First Black supporting actor Oscar winner Louis Gossett Jr. dies at 87. (Part-1)

Los Angeles — Louis Gossett Jr., the first Black supporting actor Oscar and Emmy winner for the TV miniseries “Roots,” died. He was 87. First cousin Neal L. Gossett told The Associated Press that the actor died in Santa Monica. The family reported Gossett's death Friday morning. The reason of death was unknown.

Gossett's cousin recalls a man who marched with Nelson Mandela and was a superb joke teller, fighting prejudice with dignity and humor. Never mind the prizes, glitz, glamor, Rolls-Royces, and Malibu mansions. "He stood for the humanity of the people," his cousin remarked.

Louis Gossett always saw his early career as a reverse Cinderella narrative, with success finding him early and propelling him toward his Academy Award for “An Officer and a Gentleman.” Gossett made his TV debut as Fiddler in the 1977 miniseries “Roots,” which showed slavery's miseries. The large cast includes Ben Vereen, LeVar Burton, and John Amos.

Gossett was 1983's third Black supporting actor Oscar nominated. In “An Officer and a Gentleman” with Richard Gere and Debra Winger, he played the fearsome Marine drill instructor and won. The same role earned him a Golden Globe.

"More than anything, it was a huge affirmation of my position as a Black actor," he said in his 2010 biography, “An Actor and a Gentleman.” While injured on the basketball team, he made his acting debut in his Brooklyn high school's production of “You Can't Take It with You”.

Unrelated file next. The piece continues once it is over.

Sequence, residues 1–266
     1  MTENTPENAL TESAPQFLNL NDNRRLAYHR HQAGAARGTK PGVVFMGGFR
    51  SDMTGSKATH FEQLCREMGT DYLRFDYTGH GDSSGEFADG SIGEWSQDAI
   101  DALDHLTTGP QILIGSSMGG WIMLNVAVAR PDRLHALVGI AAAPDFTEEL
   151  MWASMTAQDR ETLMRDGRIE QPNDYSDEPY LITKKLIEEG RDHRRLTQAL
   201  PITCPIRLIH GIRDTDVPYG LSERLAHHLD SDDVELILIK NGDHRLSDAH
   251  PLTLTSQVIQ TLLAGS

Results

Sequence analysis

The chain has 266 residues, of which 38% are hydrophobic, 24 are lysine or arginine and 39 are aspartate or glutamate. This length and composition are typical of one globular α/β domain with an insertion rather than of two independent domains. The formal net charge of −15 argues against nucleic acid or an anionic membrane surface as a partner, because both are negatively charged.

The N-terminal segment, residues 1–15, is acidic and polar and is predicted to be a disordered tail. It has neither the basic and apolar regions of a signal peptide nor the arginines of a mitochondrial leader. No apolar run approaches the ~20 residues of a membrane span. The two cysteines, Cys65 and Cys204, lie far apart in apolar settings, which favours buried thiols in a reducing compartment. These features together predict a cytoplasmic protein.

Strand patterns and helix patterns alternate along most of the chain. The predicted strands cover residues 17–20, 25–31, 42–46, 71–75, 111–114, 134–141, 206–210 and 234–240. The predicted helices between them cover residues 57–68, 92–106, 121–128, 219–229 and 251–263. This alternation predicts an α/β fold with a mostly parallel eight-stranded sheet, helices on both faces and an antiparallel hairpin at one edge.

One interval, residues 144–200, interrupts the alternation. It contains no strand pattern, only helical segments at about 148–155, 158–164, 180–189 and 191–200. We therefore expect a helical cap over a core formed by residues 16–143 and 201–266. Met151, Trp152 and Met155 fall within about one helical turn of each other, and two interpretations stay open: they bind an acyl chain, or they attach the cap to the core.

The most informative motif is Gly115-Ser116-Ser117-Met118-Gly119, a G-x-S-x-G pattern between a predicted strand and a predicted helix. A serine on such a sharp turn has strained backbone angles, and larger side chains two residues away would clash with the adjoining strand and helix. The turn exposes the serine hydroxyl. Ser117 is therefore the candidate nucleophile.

His English teacher advised him to audition for “Take a Giant Step” in Manhattan. He made his Broadway debut at 16 in 1953. “I knew too little to be nervous,” Gossett writes. “I should have been terrified as I walked onto that stage, but I wasn't.”

NBA and drama scholarship recipient Gossett attended NYU. He appeared on David Susskind, Ed Sullivan, Red Buttons, Merv Griffin, Jack Paar, and Steve Allen shows as an actor and singer. Gossett befriended James Dean and studied acting alongside Marilyn Monroe, Martin Landau, and Steve McQueen at Frank Silvera's Actors Studio spinoff.

Gossett, Sidney Poitier, Ruby Dee, and Diana Sands were lauded for their roles in “A Raisin in the Sun” on Broadway in 1959. He became a Broadway sensation in 1964, replacing Billy Daniels in “Golden Boy” opposite Sammy Davis Jr.

Gossett first visited Hollywood in 1961 to film “A Raisin in the Sun.” He regretted sleeping in a cockroach-infested motel, one of the few Black-friendly hotels. NBC's first made-for-TV film, "Companions in Nightmare," starring Melvyn Douglas, Anne Baxter, and Patrick O'Neal, brought him back to Hollywood in 1968.

Gossett stayed at the Beverly Hills Hotel and hired a convertible from Universal Studios. A Los Angeles County sheriff's officer stopped him on his way back to the hotel after picking up the car and instructed him to turn down the radio and raise the roof. He was stopped by eight sheriff's officers within minutes, who made him lean against the car and open the trunk while calling the auto rental business before releasing him.

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